Too much heat, too few "chief heat officers"
Why it matters: It's still early in the summer, and too many cities are getting caught flat-footed — without a heat action plan, or with uncoordinated response efforts siloed in different departments.
- Excessive heat is the #1 weather-related killer in the world.
- It's also a social justice issue, since heat disproportionately harms people who work outdoors, can't afford air conditioners or live in neighborhoods where shade and trees are scarce.
Driving the news: When Miami-Dade County, Phoenix and Los Angeles appointed chief heat officers in 2021 and 2022 to add muscle to their hot-weather strategies, it was expected that other major U.S. cities would quickly follow — but none have.
- It can be hard to fund the position (and staff).
- Cities like Boston and New York are managing their heat response through their emergency services departments or offices of resilience or sustainability.
But having a dedicated position can be important because it empowers the officeholder to cut through red tape and focus squarely on mitigating heat.
- "If someone has extreme heat as part of their overall portfolio, they're juggling it with whatever the other top priorities are," Jane Gilbert, the chief heat officer in Miami-Dade County, tells Axios.
- "I wake up every day thinking about how are we make progress" on each of our heat-related goals, says Gilbert, who was appointed two years ago as the nation's first chief heat officer.
- She can pull everyone from community leaders to the National Weather Service and the local health department into the same room. "The mayor has charged me to work across departments and across stakeholders," Gilbert says.
Details: Accomplishments in Miami-Dade include getting the thresholds for "heat advisories" and "heat warnings" lowered — to 105 degrees and 110 degrees, from 108 degrees and 113 degrees, respectively.
- The county has also installed 1,700 high-efficiency air conditioning units in public housing.
- It's working to increase tree canopy coverage from 20% of the county to 30%, with an emphasis on low-income neighborhoods.
- A first-ever public awareness campaign about "heat season" — from May 1-Oct. 31 — tries to make residents as mindful of the dangers of heat as they are of hurricanes.
Between the lines: A number of cities have "chief resilience officers" — but that role encompasses any number of natural and manmade threats, diffusing the focus from the perils of tremendous heat.
- "The reason why we call them 'chief heat officers' is that heat is killing so many people and it's silent and invisible," says Kathy Baughman McLeod, director of the Adrienne Arsht-Rockefeller Foundation Resilience Center, an NGO that helps finance and train chief heat officers.
- "We think the position needs to be set aside from these other climate hazards," Baughman McLeod tells Axios. "This is the No. 1 health and death threat from climate — let's focus on it, because it needs branding."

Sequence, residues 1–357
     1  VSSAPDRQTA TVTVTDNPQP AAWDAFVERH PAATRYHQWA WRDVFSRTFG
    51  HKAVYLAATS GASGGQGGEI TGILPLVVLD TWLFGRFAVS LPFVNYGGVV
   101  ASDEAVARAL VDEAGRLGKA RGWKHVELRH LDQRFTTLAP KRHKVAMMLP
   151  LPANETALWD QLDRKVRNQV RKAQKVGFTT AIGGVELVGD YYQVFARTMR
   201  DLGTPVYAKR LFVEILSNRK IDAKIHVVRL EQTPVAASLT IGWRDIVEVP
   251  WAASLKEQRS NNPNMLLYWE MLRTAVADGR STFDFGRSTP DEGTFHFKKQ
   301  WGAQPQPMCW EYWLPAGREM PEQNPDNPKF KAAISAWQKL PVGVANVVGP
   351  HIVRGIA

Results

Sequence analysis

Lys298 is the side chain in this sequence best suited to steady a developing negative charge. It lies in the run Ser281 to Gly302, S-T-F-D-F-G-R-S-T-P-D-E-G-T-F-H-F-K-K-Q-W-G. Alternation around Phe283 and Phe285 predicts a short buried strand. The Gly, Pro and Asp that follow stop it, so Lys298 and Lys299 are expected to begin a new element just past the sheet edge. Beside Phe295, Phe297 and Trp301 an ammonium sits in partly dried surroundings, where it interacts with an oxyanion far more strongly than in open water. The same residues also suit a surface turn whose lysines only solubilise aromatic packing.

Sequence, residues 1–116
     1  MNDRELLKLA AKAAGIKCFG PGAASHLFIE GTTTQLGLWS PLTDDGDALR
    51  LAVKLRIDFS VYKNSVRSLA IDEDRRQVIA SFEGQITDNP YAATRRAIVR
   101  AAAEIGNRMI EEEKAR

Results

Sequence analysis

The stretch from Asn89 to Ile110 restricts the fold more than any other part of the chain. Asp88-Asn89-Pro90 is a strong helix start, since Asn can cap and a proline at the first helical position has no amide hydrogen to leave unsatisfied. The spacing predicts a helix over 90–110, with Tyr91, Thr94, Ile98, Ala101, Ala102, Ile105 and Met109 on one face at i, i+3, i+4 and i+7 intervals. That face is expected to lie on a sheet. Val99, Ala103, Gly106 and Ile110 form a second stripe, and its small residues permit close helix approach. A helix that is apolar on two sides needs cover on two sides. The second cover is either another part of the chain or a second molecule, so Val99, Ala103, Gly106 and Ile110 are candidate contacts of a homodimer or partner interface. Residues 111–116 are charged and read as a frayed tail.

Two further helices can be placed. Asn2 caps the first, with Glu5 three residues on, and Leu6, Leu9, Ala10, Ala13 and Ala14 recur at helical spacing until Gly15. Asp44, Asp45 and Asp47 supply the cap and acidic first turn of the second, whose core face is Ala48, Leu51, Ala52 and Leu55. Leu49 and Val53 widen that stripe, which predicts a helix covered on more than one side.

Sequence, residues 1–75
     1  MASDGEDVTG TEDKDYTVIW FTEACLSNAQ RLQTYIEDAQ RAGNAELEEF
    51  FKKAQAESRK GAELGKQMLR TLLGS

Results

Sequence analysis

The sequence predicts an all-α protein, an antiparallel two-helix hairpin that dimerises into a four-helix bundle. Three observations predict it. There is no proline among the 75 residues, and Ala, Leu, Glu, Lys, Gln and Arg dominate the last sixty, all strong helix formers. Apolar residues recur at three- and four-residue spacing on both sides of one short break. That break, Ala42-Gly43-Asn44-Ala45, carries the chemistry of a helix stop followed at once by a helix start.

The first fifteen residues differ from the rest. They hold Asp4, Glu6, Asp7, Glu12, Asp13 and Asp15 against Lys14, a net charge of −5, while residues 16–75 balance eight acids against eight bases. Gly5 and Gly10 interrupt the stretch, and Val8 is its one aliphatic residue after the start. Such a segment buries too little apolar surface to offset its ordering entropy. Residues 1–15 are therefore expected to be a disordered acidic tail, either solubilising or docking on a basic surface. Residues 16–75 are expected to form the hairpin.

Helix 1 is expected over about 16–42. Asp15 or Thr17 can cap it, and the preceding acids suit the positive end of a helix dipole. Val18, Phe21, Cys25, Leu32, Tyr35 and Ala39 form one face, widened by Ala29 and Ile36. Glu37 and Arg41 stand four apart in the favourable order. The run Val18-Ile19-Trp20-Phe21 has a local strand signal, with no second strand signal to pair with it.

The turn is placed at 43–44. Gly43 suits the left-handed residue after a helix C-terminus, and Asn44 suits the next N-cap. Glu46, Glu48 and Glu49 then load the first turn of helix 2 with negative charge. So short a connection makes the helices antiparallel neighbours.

Yes, but: You don't necessarily need someone with the title of "chief heat officer" to have an effective strategy, some officials say.
- "I think it's just really a case of semantics," says John Giles, the mayor of Mesa, Arizona, a city of 500,000 near Phoenix.
- "We do not have a chief heat officer, but I think our programming is the same or similar to Phoenix's," he tells Axios. "We work principally through our fire and medical departments — they coordinate our cooling centers and our hydration stations."
Mesa has a climate action plan, a sustainability department that's in charge of it, and a new "Trees are Cool" campaign that aims to plant a million new trees by 2050 and increase canopy coverage from 6% to 15%.
- The job of a chief heat officer is "just as essential in Mesa as it is in Phoenix," Giles says. "We absolutely have those job functions that are being performed, but we house them differently — the person who is doing those functions is wearing a fire department uniform."
Where it stands: The "new normal" of record temperatures is a challenge to the ability of all municipalities to take care of their citizens — let alone plan long-term mitigation efforts.
- Eric Klinenberg, a professor of social sciences at New York University who wrote a book about a 1995 heat wave in Chicago that killed 700 people, told NBC Miami, "I don’t know a single city that is truly prepared for the worst-case scenario that some climate scientists fear."
Case study: In one instance, corporate America stepped in to show what can be done in a single community with everyone's buy-in.
- Since last July, the Pacoima neighborhood of Los Angeles has been a lab experiment in coating heat-trapping pavement and asphalt with cool surfaces — courtesy of GAF, the roofing and weatherproofing company.
- A 10-square-block area was covered with 700,000 square feet of solar reflective pavement — including streets, parking lots and play areas.
- So far, the GAF Cool Community Project has lowered surface temperatures by 10 degrees on sunny days, and reduced the "urban heat island" effect by 25%-50% during peak temperatures, GAF says.
- "What we're hearing more than anything is that there's more comfort in the community. They're more comfortable being outside — even on hot days — and they're more comfortable with their children being outside," says Jeff Terry, vice president of corporate social responsibility and sustainability at GAF.
The bottom line: Cities that have named a chief heat officer say the imprimatur of the position helps get things done and sends a critical message.
- "You need someone who is hyper-focused on this to bring together the health care community, the policy bodies, the community advocates, the outdoor workers," Daniella Levine Cava, the mayor of Miami-Dade County, tells Axios. "Everybody has to be on the same page."